13 comments:

  1. I believe you can account for this difference - and see focusing as an enrichment of CPBV, iv anything - by generalizing your view of what focusing is to the account I finally worked out in Structural Focalization. That account allows hypothetical contexts with hypotheses x:N which are discharged by cut admissibility and hypotheses z:<P> which are discharged by regular-old-bog-standard-substitution (of values for hypotheses, no less!). There's an interesting observation which I don't understand the significance of, that cut admissibility only works in the presence of atomic positive hypotheses, but if give yourself freedom to halt pattern matching for positive values (the admissibility of which turns out to be an identity principle rule in structural focalization).

    I originally came about this observation not because of the differences between CBPV and the usual (Laurent-Zeilberger-Liang-Miller) account of focusing. Rather, it grew out of worry about the treatment of atomic propositions in focusing - you're forced to extend the grammar of focusing to allow x:N and z:p+. And out of three years that I spent trying to understand ~50 lines of Twelf code Frank wrote one night.

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    1. I didn't finish my thought... if you give yourself freedom to halt pattern matching for positive values, you can make terms in the focused system look (and, I believe, behave) just like CPBV terms.

      I also meant to add in the end: there's much to the distinctions you've noticed in terms of programming that hasn't been sufficiently explored at all! But I think Structural Focalization makes a good bit of headway on the proof theory side of the problem by giving an account of hypothetical values and their discharge.

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    2. Yeah, I was going to make a similar comment, that there is a concept of "weak focusing" (where the context is allowed to contain invertible hypotheses) which is a refinement of Andreoli's focusing, and that this is explained in your paper which Neel linked to. (I wouldn't go so far as to call this an "enrichment" of CBPV, because I think Paul Levy takes an equally broad view of what "CBPV" means.)


      I would also echo the sentiment that these distinctions should be further explored. From my perspective, one of the reasons why it is difficult to communicate in this area is that all of these distinctions (unfocused/focused/weakly-focused/etc) collapse in the traditional categorical models used to assign denotations to proofs, so we need new kinds of models.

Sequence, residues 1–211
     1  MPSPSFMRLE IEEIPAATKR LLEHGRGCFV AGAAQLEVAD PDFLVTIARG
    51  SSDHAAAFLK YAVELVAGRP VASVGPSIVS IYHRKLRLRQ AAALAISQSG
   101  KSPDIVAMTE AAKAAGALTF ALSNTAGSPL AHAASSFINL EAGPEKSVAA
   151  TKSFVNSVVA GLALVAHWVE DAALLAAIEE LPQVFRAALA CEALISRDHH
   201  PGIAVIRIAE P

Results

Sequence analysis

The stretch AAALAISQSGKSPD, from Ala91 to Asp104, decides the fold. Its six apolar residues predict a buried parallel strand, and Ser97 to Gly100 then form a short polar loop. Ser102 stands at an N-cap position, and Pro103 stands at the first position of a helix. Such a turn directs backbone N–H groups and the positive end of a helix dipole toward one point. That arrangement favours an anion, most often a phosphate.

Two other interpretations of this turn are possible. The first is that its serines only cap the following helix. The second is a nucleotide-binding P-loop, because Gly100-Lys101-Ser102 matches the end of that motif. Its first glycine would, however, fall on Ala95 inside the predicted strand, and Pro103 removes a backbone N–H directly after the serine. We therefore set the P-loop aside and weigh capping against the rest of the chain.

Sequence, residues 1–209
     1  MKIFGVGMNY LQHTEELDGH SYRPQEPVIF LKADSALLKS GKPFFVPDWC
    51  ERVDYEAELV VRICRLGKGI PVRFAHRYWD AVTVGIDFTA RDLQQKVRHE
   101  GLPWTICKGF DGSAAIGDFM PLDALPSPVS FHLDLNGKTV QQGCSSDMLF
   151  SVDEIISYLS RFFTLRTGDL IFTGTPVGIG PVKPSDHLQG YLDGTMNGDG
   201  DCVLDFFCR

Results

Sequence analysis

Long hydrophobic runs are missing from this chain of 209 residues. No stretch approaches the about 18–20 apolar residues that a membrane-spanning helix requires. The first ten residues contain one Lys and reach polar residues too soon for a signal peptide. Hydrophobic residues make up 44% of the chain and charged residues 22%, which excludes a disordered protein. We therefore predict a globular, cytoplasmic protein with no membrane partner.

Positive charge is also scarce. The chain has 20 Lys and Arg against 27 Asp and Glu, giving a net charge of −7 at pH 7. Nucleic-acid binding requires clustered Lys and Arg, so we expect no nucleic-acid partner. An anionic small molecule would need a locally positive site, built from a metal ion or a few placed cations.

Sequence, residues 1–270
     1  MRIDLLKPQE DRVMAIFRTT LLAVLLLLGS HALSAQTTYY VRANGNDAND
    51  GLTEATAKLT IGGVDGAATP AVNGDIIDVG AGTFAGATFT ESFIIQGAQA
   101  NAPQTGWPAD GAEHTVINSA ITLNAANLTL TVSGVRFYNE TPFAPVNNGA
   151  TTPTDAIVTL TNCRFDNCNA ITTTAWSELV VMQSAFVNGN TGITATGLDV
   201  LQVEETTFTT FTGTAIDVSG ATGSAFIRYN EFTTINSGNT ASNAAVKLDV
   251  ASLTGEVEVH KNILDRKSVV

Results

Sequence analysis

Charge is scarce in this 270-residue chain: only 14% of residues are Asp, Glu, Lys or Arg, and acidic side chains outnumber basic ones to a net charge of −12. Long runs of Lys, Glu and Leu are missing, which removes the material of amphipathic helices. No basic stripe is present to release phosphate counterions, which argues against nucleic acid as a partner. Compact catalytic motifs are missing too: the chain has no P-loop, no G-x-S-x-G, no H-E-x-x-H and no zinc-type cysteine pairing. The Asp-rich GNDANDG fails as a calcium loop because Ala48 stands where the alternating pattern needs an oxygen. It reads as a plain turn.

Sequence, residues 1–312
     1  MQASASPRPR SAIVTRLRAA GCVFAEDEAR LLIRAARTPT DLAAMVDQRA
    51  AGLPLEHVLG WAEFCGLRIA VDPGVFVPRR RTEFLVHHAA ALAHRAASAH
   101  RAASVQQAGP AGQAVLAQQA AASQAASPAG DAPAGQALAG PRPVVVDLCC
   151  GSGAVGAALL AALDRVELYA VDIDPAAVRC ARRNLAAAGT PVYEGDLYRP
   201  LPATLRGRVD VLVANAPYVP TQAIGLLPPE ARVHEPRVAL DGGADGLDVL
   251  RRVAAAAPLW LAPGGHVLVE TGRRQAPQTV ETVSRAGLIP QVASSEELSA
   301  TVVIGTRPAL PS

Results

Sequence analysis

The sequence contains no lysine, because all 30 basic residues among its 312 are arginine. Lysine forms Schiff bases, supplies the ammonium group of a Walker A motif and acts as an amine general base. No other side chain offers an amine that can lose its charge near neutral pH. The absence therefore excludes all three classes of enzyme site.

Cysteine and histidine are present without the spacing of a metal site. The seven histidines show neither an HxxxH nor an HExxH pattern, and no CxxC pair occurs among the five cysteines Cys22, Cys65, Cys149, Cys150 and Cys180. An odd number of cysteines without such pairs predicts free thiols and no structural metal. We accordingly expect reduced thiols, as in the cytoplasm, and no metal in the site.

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    3. Didn't see that Neel was linking to me already. Headdesk, red-face, etc.

      I've trained myself out of thinking about weak focusing, because what Frank and I call weak focusing was designed to avoid a problem that Structural Focalization resolves gracefully. Thanks for bringing it up here, Noam, it seems quite relevant, since you naturally end up with a context of strictly positive propositions.

      And your point is well taken about Levy taking an equally expansive view of CPBV. That was a graceless comment on my part.

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  2. This comment has been removed by the author.

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  3. Yeah... I *think* I agree with Rob and Noam here. To try to put it succinctly, isn't the story here just that CBPV is "concentrating and positive-one-step-inverting" whereas Andreoli is "fully concentrating and inverting"? (and ordinary natural deduction is "concentrating on negatives and positive-one-step-inverting"?

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  4. Saying "recall the syntax of types" is a little confusing: I don't recall seeing any presentation of CBPV with a connective called ∧. Levy (1999) has a "Π", which is arguably an n-ary intersection with explicit intro and elim constructs, so I guess that's what you mean?

    (This doesn't affect the rest of your post, since it mentions neither ∧/Π (CBPV) nor ∧ (focusing)…)

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  5. I suspect the observation that contexts in CPBV are values may be rather shallowly based on the particular (common) choice of presentation. For example, you asked that arrow have a positive type on the left, but is that an essential choice, or couldn't we just as well work with a CPBV-style system taking a negative on the left of the arrow? When I played with this design space (in the context of definition of realizability truth and falsity values for simply-typed-lambda-calculus), I had the impression that either design choices were possible and corresponded to different flavors of this familiar connective -- just as focused variants of . If all connectives require positives in their negative occurences, then a representation with only values in the context is possible, but as soon as one of them takes a computation this property (coincidence) fades away.

    I've been trying recently to work out the relation between Guillaume Munch-Maccagnoni's polarized presentation of System L and focusing for sequent calculi. Guillaume insists on studying the untyped calculus first, and that is an interesting (and unusual to me) experience; (untyped) normal forms have a phase-alternating structure that seems strongly related to focusing, but one cannot enforce what Jason calls "full concentration" above without type information, so that would be another form of weak focusing.